You’re watching your son play a school soccer match. Your camera is ready when he scores the winning goal, taking his team to victory. You’re so proud; you can’t wait to share the news. Along with the picture, you write: “The goal that made Sunny Hills Primary School winners today; well done, Peter!”
A few hours later, you get this message: “I saw Peter’s goal for Sunny Hills – amazing! I was on the other side; you have to see this angle.” You probably won’t think twice about clicking on the link in the message – obviously the person sending the message was there, how else would he know your son’s name, his school and that he scored the winning goal?
Two months later, you can’t understand why you’ve been blacklisted and the bank won’t grant you a personal loan. Hackers are using social engineering methods such as these, which prey on our willingness to share our lives online, to access our personal information. They trick us into following links that give them access to our phones, which these days store everything from our social media profiles, which are always logged in, to our GPS apps that have our home addresses already saved. It’s become almost too easy to steal someone’s identity.
With the rise of the Internet of Things (IoT), we’ll soon be sending a lot more personal information to the cloud. Wearable devices that monitor our heart rates, blood pressure and glucose levels are becoming as common as regular wristwatches, while apps like Waze and Foursquare let anyone know where we are – and when we’re not at home, which is practically an invitation to burglars.
Where is all this information going and who has access to it? At the moment, too many people. I don’t mind if my doctor can see my health data, but I have a problem with my medical insurance company using it to hike my premiums because my heart rate never goes past resting. And I certainly don’t want hackers getting their hands on it.
By default, our IoT DNA should be locked down in a virtual vault for which only we have the password. Only we should decide who can access what information – like an opt-in system – and block access to everyone else.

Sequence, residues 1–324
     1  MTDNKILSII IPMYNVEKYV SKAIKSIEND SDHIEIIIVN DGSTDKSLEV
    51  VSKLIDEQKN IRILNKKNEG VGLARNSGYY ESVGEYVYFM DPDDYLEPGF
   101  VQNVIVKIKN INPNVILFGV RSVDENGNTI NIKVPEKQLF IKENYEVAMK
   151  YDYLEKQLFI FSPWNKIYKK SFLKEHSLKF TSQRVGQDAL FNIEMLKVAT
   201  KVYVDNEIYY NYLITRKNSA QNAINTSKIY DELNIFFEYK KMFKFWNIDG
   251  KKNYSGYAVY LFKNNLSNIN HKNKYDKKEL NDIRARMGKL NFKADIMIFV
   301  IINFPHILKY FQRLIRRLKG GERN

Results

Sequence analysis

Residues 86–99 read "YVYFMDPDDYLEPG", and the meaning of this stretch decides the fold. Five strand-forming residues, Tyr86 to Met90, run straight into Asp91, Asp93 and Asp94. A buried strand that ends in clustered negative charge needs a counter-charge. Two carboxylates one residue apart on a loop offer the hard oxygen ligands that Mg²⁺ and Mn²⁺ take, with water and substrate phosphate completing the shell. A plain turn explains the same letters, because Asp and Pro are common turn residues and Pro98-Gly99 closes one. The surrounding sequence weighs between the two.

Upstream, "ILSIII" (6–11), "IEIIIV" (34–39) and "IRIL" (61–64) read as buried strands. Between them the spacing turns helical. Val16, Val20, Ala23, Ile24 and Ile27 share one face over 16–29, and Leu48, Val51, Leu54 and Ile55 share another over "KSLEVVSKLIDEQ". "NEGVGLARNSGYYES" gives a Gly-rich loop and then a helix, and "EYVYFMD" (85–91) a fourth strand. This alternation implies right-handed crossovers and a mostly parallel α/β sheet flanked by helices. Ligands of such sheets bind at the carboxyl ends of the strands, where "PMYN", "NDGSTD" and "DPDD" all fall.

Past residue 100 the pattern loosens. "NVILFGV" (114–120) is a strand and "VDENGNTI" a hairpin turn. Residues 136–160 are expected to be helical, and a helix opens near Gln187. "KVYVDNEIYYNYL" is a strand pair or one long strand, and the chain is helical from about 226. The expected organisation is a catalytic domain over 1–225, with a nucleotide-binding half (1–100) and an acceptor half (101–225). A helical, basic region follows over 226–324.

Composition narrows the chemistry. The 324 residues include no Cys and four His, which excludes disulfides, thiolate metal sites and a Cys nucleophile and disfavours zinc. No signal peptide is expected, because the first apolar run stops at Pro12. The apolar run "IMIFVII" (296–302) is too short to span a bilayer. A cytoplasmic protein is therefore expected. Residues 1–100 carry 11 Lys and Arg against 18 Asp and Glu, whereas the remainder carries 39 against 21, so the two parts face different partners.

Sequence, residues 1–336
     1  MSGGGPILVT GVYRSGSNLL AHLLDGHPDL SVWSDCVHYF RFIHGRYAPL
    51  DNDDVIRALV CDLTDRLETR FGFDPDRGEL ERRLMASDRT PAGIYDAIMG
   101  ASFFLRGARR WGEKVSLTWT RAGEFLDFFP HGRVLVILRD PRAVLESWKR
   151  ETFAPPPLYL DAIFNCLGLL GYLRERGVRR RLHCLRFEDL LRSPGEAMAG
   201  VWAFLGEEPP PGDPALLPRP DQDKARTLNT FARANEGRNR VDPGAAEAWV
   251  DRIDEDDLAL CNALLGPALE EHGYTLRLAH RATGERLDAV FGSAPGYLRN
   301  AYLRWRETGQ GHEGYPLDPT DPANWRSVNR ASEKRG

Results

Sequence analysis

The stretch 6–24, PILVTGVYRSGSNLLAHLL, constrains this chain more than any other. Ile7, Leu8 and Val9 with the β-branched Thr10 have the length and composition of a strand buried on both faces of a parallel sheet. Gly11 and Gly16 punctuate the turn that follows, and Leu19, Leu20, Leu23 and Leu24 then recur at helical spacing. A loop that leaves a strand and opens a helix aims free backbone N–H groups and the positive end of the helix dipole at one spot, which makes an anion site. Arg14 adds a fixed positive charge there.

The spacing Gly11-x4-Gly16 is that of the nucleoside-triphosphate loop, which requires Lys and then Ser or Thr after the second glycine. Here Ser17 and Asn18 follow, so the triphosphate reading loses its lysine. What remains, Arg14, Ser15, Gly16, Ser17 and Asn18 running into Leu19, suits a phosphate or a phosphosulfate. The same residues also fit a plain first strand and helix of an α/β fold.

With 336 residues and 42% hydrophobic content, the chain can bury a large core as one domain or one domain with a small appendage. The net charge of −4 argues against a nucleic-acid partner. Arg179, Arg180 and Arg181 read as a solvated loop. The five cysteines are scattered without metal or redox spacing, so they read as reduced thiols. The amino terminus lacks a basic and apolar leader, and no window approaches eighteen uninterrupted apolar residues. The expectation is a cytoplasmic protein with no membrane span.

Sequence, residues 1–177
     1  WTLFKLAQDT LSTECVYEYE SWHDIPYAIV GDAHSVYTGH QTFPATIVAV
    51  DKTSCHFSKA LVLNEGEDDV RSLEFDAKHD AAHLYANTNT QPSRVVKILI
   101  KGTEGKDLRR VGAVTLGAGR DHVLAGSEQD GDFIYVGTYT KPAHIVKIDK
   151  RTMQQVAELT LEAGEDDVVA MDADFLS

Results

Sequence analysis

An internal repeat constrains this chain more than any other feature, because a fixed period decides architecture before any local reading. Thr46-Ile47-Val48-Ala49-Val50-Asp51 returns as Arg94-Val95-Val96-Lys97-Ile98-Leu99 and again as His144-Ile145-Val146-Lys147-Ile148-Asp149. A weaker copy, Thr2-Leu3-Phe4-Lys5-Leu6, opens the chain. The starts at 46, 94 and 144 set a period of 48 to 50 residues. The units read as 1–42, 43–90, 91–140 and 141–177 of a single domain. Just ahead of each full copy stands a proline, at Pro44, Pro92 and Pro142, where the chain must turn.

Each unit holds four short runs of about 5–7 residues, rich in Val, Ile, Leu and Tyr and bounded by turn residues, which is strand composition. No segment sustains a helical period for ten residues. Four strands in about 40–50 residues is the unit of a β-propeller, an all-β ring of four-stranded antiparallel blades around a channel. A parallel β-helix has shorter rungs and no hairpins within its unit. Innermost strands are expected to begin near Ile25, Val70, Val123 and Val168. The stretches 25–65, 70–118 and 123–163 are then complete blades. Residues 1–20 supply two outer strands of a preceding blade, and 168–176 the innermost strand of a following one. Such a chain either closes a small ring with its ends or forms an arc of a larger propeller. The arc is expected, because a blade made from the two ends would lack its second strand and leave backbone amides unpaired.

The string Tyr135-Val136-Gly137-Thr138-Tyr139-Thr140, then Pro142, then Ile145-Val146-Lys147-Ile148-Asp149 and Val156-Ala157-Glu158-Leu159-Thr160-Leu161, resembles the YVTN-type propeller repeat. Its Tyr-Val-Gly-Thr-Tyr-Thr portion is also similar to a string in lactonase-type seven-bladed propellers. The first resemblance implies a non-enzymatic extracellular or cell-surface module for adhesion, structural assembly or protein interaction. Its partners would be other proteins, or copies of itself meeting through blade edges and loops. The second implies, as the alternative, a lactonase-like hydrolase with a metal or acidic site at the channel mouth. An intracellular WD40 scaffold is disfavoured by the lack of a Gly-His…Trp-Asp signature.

But passwords are inherently insecure, especially when we use the same one for multiple accounts. Anti-virus software and firewalls don’t offer sufficient protection as they’re easily breached and rely on users to regularly update them.
My eyes only
Everyone in the value chain has a responsibility to protect users’ information, from the users themselves and device manufacturers, to software creators and security providers.
We’re already seeing promising developments in the security industry. Soon, our faces or fingerprints will be our passwords, while password repositories will store passwords for the sites we use most often, and will only allow us to access those sites once we’ve supplied a ‘master’ password.
Device manufacturers and software vendors are also addressing flaws in existing security systems. Intel Security (previously known as McAfee), for example, is no longer just concerned with viruses and firewalls. It now checks multiple entries for infiltration and records common patterns. Anything out of the ordinary – if your computer pings every other PC on the network, for example – will get blocked and reported.
Soon we won’t need anti-virus software because the processor will be doing the smart thinking to flag suspicious behaviour. Every PC will be equipped with a software appliance that will operate as the firewall instead of having to load software onto an operating system.
In the past, we could walk the streets at night and not continually look over our shoulders. Today, we jump at every sound and take precautions to protect ourselves. We’ve adapted to changes in our physical security; we need to apply that same vigilance to cyber security.
By Vince Resente, Enterprise Technology Specialist at Intel Corporation